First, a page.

• Some cards require membership fee
  • Both consumer and retailer pay fees
lines of credit
Lines of Credit
  • Predetermined credit limit
  • Open ended
  • Usually preferential rates
installment plans
Installment plans
  • Credit which is paid off in parts.
  • Common when purchasing a car, furniture, major appliances and other big ticket items.
  • Interest rates are high
  • The items can be seized until the last payment has been made.
  • Amortization
    • The repayment period
    • 15 – 40 years
  • Foreclosure
    • Seizure of property
deciding to buy a house
Deciding to buy a house
  • Preferences
  • Achieve standard of living
  • Responsibility of paying house off
  • Golden Rule
    • House should not be more than three times your annual income
  • Taxes
    • “Welcome Tax” , School Tax & Municipal Tax
  • Dependant on:
    • Size of property, Geographic Location, Services, Age of the house & Zoning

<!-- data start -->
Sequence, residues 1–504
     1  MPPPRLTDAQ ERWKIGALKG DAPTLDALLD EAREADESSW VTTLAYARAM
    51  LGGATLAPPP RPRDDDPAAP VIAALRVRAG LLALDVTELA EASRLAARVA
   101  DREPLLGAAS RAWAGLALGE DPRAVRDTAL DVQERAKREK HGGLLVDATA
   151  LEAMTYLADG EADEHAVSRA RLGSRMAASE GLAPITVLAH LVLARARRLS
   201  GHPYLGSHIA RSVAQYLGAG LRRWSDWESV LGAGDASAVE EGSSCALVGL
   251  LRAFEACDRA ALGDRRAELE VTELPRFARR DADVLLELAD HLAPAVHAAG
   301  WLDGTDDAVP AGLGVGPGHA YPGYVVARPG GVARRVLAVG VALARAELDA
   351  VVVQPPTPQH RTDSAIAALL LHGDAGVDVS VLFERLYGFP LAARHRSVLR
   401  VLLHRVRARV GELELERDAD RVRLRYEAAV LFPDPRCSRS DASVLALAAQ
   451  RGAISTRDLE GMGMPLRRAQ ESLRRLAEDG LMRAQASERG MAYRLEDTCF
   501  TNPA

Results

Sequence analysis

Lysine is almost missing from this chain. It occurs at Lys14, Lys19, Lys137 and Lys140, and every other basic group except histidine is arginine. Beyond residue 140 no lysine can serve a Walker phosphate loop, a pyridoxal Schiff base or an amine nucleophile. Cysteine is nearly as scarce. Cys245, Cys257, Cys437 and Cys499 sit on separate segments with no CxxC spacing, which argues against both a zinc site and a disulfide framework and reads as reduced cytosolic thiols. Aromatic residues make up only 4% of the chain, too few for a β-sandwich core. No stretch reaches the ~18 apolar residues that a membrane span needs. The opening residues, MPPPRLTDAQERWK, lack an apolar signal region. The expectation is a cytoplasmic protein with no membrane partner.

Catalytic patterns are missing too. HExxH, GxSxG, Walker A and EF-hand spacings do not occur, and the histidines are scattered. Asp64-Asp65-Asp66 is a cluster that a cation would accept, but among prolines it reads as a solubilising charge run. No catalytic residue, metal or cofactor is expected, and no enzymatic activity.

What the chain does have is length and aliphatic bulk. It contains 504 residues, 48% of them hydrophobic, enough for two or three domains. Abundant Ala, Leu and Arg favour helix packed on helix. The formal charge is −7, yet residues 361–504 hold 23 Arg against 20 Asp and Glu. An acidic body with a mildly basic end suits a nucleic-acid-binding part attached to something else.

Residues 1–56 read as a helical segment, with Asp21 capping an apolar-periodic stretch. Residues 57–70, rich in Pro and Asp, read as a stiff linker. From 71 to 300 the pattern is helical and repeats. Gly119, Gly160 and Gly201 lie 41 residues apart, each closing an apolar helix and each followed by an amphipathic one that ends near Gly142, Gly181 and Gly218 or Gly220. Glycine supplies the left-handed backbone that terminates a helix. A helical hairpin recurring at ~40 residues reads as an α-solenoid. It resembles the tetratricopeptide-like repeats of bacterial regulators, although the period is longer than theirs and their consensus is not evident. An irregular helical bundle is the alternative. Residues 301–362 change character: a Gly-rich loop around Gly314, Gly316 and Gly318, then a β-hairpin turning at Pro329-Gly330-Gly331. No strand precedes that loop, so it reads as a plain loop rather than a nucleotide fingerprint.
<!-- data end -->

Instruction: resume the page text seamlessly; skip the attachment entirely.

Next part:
No more than 40% of monthly income should be spent on housing cost
  • No under the table contract
    • Illegal, Risk losing investment
  • Must be legal transfer of house through notary, with two witnesses present
  • House should be inspected before transfer
  • Risks of hidden defects
Types of Mortgages
  • Open
    • The principal balance may be paid back at anytime without penalty
      • Higher cost due to higher rate of interest
      • Benefit is paying off the mortgage in less time
  • Closed
    • Limits amount that can be repaid
      • 10% of principal may be paid on the anniversary date of the mortgage
Interest Rates
  • Fixed
  • Variable
    • Rate is determined by market rate.
  • New products
Points of interest
  • The longer you choose to pay off the house, the greater the total cost due to interest.
    • Tips
      • Pay down loan as quickly as possible. Take advantages of opportunities to do so.
        • A single payment against principal can lead to savings of many times the initial amount.

Debt: money owed

Ex: mortgage, bank loan, credit card

Debtor: person who has to repay the money that was given to them.

Creditor: institution that gave the money

Ex: banks, credit card companies

Short term debts: money owed in which the debtor can pay off easily/regularly